On one hand, Chipotle is addressing the health and safety concerns by reorganising its food sourcing and storage procedures. Can this have taken effect that quickly though? In just the same week they are already offering free burritos. In addition, their new commitment and the free burritos seem to target two different types of customers. Some patrons prefer to hear about the safety of the food before eating there again, while others simply go for the free food regardless of its safety. I think this says more about Americans than it does of Chipotle. This points to the divide in those who care about the product or service they receive and those who care about the way that product or service is created. It provides us with a perspective of what Americans think of corporate social responsibility and, in witnessing these events, I think that less people care than I thought.


  7. It seems that chipotle has taken a proactive approach to their problems which is the best move in my opinion. Like you said they have now upped their food safety standards to far above the legal minimum. This is something they needed to do in order to gain back customer trust in their company. I was someone who loved Chipotle before the outbreak, but for a while, I was concerned about it and did not visit a Chipotle location for several months. I now feel much more comfortable eating there because they took on their issues head on and hopefully the company is better for it.


  8. Everyone has their difficulties in business, and while this outbreak of E-coli was unfortunate and there were many victims, Chipotle handled it very well. A mistake like this has only made Chipotle an even cleaner and more natural food company already due to the precautions it has implemented since the outbreak. Hopefully, these precautions will withstand further disease and Chipotle can continue selling organic local foods. Although, if Chipotle slips up again the general public will deem it a unsanitary and disgusting fast food restaurant. As most of you have said, I hope the day never comes.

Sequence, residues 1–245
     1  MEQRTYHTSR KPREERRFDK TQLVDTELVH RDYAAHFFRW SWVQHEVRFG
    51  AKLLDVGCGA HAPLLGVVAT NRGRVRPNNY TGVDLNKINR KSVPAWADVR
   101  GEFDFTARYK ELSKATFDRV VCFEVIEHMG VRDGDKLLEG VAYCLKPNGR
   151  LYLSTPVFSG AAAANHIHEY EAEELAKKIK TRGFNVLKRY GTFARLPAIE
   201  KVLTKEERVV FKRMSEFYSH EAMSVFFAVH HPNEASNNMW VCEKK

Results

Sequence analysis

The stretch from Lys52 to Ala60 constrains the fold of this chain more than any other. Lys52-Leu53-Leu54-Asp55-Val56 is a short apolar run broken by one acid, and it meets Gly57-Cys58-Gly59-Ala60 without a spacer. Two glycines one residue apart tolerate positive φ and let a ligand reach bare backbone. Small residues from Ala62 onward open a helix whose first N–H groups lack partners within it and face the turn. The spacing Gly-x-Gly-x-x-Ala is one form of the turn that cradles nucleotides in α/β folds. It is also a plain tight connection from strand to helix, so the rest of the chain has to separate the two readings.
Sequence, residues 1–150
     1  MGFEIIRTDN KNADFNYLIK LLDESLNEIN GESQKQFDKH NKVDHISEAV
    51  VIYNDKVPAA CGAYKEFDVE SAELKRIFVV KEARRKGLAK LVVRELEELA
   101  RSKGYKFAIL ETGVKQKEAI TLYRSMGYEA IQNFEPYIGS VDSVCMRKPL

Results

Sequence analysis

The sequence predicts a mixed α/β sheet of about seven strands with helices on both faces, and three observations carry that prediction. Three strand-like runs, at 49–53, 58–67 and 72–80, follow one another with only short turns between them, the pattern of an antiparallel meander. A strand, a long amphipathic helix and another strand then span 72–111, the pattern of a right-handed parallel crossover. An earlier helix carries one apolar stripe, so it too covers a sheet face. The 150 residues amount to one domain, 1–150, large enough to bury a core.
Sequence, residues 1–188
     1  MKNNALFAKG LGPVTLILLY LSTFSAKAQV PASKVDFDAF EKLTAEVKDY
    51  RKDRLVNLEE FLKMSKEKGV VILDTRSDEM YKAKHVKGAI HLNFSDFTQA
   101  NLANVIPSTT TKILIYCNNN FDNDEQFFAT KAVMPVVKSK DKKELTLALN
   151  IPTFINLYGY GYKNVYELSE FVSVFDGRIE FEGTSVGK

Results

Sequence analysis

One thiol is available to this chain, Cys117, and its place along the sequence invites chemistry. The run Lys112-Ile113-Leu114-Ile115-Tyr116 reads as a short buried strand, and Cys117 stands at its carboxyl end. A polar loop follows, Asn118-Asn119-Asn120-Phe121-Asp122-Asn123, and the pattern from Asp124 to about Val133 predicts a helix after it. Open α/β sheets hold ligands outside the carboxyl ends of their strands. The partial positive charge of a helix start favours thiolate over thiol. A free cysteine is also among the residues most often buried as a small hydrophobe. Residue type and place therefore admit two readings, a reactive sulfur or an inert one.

Leave a Reply

Fill in your details below or click an icon to log in: Logo

You are commenting using your account. Log Out /  Change )

Google+ photo

You are commenting using your Google+ account. Log Out /  Change )

Twitter picture

You are commenting using your Twitter account. Log Out /  Change )

Facebook photo

You are commenting using your Facebook account. Log Out /  Change )


Connecting to %s